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The Wall Street Journal  

March 17, 2003

COMMENTARY

We the (Hispanic) People . . .

By HENRY BONILLA, LINCOLN DIAZ-BALART, MARIO DIAZ-BALART, DEVIN NUNES, and ILEANA ROS-LEHTINEN

WASHINGTON -- The Democratic filibuster against federal appellate court nominee Miguel Estrada has been nothing less than a partisan assault on the goal of achieving diversity in our nation's highest public institutions. Fewer than 4% of federal judges are Hispanic, yet 44 Senate Democrats, who run on "diversity" platforms have so far employed parliamentary procedures to thwart diversity and obstruct the confirmation of an eminently well-qualified lawyer through the use of double standards -- standards they never applied to other nominees.

These Democrats, who credit themselves with helping advance minorities to high government positions, now prevent the first Hispanic from serving on our nation's second highest court by blocking the bipartisan majority that wants an honest up or down vote. The hypocrisy hurts America's largest minority group and strikes at the core of the American Dream.

One of the most offensive aspects of the opposition to the nomination of Mr. Estrada is the notion put forth by some Hispanic Democrats and leftist activist groups that he is "Hispanic in name only" -- that because he is a mainstream lawyer, he doesn't represent the Hispanic community. Are we truly willing to exclude our accomplished minorities on the grounds that they have not pigeonholed their careers by focusing on one racial community? The suggestion jeopardizes the future of other qualified Hispanics because of unacceptable ideological bars. But apparently Democrats believe that they alone should get to decide what a "Hispanic" should be.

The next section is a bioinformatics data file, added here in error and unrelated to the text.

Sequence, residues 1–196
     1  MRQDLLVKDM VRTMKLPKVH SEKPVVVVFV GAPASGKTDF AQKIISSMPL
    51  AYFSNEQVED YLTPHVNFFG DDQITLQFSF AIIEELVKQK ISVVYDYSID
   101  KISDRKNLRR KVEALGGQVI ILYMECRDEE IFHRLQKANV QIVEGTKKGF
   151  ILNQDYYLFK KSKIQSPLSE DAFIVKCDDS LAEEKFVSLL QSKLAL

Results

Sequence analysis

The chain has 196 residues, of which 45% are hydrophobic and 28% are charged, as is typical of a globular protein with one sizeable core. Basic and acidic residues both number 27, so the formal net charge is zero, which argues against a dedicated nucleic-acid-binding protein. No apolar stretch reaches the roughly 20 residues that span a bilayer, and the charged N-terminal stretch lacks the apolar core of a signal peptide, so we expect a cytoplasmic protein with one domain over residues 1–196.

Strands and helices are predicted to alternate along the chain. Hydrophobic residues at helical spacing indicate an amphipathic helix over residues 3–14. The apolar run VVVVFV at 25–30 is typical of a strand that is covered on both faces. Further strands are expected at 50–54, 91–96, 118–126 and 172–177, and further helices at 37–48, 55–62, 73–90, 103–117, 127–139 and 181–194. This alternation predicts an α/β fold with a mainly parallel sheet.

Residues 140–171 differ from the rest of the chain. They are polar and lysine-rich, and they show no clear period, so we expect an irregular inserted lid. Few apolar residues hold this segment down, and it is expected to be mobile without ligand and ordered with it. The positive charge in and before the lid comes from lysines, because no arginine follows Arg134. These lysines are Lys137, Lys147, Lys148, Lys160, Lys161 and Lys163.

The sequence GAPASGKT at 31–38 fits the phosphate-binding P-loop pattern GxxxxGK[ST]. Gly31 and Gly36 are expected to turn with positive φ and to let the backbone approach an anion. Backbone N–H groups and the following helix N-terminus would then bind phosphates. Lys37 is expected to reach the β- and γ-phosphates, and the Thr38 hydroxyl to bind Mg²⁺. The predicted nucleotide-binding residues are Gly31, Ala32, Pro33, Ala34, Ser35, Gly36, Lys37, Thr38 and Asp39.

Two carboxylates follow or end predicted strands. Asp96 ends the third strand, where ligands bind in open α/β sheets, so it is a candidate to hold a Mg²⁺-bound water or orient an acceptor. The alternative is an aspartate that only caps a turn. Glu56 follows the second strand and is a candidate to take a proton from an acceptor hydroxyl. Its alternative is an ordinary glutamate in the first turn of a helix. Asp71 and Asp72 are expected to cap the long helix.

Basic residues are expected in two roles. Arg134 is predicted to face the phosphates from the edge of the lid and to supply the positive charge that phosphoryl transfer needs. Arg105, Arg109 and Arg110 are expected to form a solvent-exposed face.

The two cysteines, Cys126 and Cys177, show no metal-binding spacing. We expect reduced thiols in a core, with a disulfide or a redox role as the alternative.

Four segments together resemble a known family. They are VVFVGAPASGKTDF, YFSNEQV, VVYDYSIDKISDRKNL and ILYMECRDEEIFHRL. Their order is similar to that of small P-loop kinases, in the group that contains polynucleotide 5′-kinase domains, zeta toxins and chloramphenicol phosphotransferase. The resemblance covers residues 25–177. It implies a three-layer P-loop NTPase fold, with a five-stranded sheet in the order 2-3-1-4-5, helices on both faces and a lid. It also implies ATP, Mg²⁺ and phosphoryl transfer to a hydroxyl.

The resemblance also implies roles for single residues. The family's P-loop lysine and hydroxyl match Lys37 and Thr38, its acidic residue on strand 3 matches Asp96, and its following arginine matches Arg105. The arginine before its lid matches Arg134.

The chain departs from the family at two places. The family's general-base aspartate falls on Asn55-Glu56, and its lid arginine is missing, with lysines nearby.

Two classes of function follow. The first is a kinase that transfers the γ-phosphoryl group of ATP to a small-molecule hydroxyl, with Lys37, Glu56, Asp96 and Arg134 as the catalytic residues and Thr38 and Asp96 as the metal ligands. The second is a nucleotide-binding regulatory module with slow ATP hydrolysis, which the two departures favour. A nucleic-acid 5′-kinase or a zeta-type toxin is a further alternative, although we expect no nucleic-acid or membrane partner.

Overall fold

We wish Mr. Estrada's plight were a novelty, but we are concerned that it is just one manifestation of a pervasive and troubling trend whereby the advancement of minorities is only applauded when it reinforces liberal politics. To counter this trend and to allow for the positive advancement of Hispanics in the U.S., the Hispanic Republican members of Congress are announcing with this article the formation of the Congressional Hispanic Conference.

The new Hispanic Conference will promote policy outcomes that serve the best interests of Americans of Hispanic and Portuguese descent and thereby all Americans. In this endeavor we are pledged to place principle above partisanship on issues directly affecting the betterment of the Hispanic and Portuguese communities. A key goal of the Hispanic Conference is to promote principles that are of real importance to Hispanics and Portuguese in the U.S. These include the Free Trade Agreement of the Americas, the emerging common market of this hemisphere's democracies; tax relief to American families by eliminating the death tax and marriage penalty and bringing relief to more than two million Hispanic-owned small businesses; the support of faith-based initiatives; and educational choice for all.

In the case of judicial nominees, the Hispanic Conference is committed to ensuring that only the best qualified nominees are appointed to our federal courts.

As we enter another week of extra-constitutional procedural tactics aimed at blocking Mr. Estrada's confirmation, it is clear to us that there is a significant need for the formation of the new Hispanic Conference. We support the nomination of Mr. Estrada, not only because his superb credentials make him an ideal appointee, but also because -- for so many of us who are the sons and daughters of immigrants -- Mr. Estrada's story represents the American promise.

To block his confirmation is not only a dangerous constitutional precedent, but also one whose impact could forever alter that promise -- that there is no limit to the possibility of success in America. We must not put a ceiling on the American dream, and so we join our voices as the new Congressional Hispanic Conference. We can think of no more appropriate first act than to champion Mr. Estrada's confirmation and to defend the reason we all came here.

The authors are members of the U.S. Congress.

URL for this article:
http://online.wsj.com/article/0,,SB104786911197082300,00.html

 
 

Updated March 17, 2003
 

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